American Dream still well and alive
Let the bitterness not consume you, there is still hope. Despite the feeling that my soul had been leeched out through my skin last Friday, the U.S. still stand every chance of not just qualifying for the knockout stages, but winning their group. Sure, a referee’s error cost Bob Bradley’s men two points but if they can’t win games under pressure like the one against Algeria, they simply aren’t one of the 16 best teams in the world, regardless of previous transgressions against them or superior talent (hear that England?). Good teams win games like this. Period. It can’t be any simpler than that.
That being said, here are the scenarios for the U.S.:
Loss: Pack your bags, we’re headed home. In the meantime, Mr. Koman Coulibaly should go ahead and cancel any American vacation plans he has for next decade or so.
Draw: Precarious. A draw and an England win would see us home as well. If Slovenia hold England, however, the tie-breaker will come down to goals scored, which the U.S. are currently ahead of England on after the latter fired blanks against Algeria. If the U.S. draw and England lose, the U.S. are through. Basically, if the U.S. are struggling against Algeria, start cheering for Slovenia.
If the U.S. were to draw and get through, they would do so as runner-up meaning they will play the winner of Group D in Bloemfontein on June 27.
Win: Full points against Algeria will ensure progress to the knockout stages. Where they go will be dependent on England v. Slovenia. If England win by a greater margin than the U.S., they win the group and Slovenia are out. If the U.S. win by the same margin, England will need at least 3 goals to finish first. If Slovenia win, England are out and the U.S. finish second. If Slovenia draw, England are also out, while Slovenia would need to score at least 2 goals to win the group. A 1-1 or 0-0 draw would put the U.S. top of the group. The winner of group C, any one of England, Slovenia or the U.S. would play the runner-up of Group D on June 26 in Rustenburg. Confused yet?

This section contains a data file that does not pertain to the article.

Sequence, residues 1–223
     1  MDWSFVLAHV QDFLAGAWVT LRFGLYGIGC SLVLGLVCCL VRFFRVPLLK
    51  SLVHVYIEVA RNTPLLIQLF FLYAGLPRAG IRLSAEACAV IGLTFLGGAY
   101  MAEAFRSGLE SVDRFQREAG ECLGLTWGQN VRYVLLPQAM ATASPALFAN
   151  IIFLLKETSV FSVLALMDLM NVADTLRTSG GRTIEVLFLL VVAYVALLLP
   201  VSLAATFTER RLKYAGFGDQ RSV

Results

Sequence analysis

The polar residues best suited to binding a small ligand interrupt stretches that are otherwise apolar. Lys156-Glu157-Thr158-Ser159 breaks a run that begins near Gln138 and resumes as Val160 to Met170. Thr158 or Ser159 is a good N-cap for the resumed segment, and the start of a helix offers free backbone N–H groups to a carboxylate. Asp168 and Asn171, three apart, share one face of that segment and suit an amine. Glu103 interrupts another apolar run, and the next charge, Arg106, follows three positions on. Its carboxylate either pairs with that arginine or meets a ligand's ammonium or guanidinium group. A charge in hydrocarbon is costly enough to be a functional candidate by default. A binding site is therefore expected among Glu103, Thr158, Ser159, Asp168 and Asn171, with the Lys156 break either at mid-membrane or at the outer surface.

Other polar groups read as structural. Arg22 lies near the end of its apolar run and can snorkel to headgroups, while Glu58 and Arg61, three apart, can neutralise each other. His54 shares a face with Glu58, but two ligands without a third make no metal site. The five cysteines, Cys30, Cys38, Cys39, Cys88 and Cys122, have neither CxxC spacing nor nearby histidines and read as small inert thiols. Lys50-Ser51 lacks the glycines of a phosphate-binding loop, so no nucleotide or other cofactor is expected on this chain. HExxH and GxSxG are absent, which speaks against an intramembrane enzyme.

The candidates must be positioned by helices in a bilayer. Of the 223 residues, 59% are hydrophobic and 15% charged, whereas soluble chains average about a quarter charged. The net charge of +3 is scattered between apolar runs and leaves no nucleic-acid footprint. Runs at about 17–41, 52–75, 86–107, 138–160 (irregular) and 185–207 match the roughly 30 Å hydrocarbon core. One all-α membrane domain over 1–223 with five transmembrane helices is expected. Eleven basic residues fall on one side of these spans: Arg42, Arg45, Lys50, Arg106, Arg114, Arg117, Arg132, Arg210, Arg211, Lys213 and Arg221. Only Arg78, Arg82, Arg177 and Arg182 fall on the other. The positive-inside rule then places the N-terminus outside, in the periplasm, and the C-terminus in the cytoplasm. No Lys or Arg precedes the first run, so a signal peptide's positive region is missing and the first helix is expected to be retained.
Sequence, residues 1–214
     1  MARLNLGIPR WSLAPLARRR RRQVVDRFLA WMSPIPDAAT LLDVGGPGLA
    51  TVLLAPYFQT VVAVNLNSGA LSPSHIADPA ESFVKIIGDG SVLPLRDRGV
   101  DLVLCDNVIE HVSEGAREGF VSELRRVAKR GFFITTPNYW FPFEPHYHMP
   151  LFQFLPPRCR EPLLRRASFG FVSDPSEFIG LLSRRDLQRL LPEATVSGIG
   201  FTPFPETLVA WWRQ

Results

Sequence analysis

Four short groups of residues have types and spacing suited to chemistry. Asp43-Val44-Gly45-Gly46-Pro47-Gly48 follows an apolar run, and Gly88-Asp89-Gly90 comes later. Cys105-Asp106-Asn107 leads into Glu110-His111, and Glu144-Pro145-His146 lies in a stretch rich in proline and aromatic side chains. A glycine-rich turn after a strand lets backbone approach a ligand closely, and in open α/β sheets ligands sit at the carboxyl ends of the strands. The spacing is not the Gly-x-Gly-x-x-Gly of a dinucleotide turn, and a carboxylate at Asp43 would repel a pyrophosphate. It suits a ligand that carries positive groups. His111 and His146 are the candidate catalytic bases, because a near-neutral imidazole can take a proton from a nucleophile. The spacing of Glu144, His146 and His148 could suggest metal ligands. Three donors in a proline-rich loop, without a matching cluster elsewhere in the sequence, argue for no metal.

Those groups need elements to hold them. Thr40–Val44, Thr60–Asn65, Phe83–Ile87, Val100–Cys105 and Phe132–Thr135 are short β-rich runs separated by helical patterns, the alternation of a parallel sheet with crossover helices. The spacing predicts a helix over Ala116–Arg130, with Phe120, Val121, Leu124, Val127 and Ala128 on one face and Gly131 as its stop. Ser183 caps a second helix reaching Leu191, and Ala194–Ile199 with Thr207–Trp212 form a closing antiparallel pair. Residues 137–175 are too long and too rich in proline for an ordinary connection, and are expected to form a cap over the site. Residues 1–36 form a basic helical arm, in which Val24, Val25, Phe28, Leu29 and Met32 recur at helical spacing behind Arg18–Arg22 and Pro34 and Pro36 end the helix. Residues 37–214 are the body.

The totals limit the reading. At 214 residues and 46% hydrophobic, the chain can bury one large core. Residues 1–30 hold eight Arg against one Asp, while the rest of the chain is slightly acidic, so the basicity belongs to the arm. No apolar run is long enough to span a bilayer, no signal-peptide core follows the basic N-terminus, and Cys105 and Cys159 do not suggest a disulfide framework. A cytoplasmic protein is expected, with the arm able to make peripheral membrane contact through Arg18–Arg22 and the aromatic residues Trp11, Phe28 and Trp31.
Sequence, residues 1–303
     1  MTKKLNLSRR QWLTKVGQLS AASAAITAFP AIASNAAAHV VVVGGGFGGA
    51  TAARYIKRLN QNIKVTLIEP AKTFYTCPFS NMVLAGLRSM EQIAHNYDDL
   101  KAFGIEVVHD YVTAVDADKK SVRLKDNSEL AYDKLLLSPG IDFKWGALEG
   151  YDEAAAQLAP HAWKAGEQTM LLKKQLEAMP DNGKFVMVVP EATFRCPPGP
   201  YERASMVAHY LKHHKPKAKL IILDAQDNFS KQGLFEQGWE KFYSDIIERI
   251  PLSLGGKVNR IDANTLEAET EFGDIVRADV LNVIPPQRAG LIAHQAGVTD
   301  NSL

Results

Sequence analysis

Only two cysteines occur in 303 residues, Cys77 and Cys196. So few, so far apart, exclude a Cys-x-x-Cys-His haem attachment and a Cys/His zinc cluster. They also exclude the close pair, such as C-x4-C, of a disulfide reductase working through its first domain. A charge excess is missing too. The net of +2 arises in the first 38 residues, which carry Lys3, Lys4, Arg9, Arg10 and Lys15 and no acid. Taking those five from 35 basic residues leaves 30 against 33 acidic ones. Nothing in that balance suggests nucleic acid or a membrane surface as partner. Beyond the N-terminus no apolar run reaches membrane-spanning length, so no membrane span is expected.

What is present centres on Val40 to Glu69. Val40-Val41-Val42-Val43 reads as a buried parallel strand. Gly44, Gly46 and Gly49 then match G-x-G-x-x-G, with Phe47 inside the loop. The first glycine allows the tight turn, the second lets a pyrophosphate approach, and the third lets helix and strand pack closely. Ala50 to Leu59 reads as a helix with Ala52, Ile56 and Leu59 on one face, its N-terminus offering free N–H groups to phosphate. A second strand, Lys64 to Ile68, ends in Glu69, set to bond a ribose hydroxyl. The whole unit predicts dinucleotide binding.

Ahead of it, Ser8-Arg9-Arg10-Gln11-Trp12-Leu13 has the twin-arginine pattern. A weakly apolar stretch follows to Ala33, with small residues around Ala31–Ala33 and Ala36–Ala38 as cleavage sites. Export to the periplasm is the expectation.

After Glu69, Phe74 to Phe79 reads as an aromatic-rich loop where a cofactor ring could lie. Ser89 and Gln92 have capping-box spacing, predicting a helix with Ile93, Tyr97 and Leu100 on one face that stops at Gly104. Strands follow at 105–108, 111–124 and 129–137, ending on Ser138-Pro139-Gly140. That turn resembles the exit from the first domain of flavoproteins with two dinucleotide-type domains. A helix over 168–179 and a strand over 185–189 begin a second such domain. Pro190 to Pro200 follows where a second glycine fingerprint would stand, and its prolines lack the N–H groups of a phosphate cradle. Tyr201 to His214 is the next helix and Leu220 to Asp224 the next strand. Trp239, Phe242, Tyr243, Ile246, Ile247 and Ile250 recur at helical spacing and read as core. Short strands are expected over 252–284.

The problem with preparing for a team like Algeria is that there are no reliable case studies for Bob Bradley to draw upon. The team was basically assembled by coach Mohammed Saadane after the Africa Cup of Nations in February (he even enlisted non-natural Algerians to help the cause). Only 11 members of the current World Cup squad participated in that tournament four months prior.
And while the previous 180 minutes of their World Cup will give Bob Bradley some clues about individual performers, he will still be in the dark regarding Saadane’s tactics. In their opening two matches, Algeria were content to soak up pressure and take a point. Tomorrow, if they want their World Cup to continue, Saadane’s men will have to actively pursue a win. Will we see the Algerians play with two up front? Will they still sit deep and try to hit on the counter? Will they go for broke and play without a goalkeeper? Who knows? This team is a complete enigma.
How do you solve a problem like Algeria?
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Another statistic for the pessimists
In the current World Cup format, the United States have never won or drawn a third group match. 0-0-5. That being said, we broke our duck against Eastern European teams in the last match (and should have done so with a flourish) so there’s no reason to believe that we aren’t meant to overcome another jinx. Records are meant to be broken, after all.
England camp enter le chaos
After the spectacular (and rather hilarious) capitulation of the French camp, the English are threatening to follow suit. After 26 mostly successful matches under the singular authority of Fabio Capello, Friday’s lackluster draw has suddenly resulted in a public insurgency by members of the squad. No one had a problem with any of Capello’s tactics when they were cruising through qualification, but with one dreadful performance, questions about preparation, personnel and even how the players spend their free time (Capello’s no beer policy is a apparently too much to bear for some on the England squad) have suddenly come out of the woodwork.
As with all negative press revolving around the England National Team these days, one has to look no further than John Terry. The deposed captain publicly called for Joe Cole’s participation against Slovenia and then arranged a player’s meeting on Sunday night. The difference between England and France is simple: England have a firm and respected authority figure in Fabio Capello. France have the sports preeminent dunce, Raymond Domonech. Terry was rightfully put in his place by Capello, who called it a “big mistake… a very big mistake.”
Another case of England fans overstepping their bounds: forgiving John Terry for cuckolding his wife. Call me old fashioned, but I don't think it's really your place to do that, drunk guy with sign.
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Considering how intra-squad controversy heading into a crucial match worked out for France, I would have to agree completely with Capello. Of course, mistakes are becoming commonplace for John Terry. Just ask Wayne Bridge.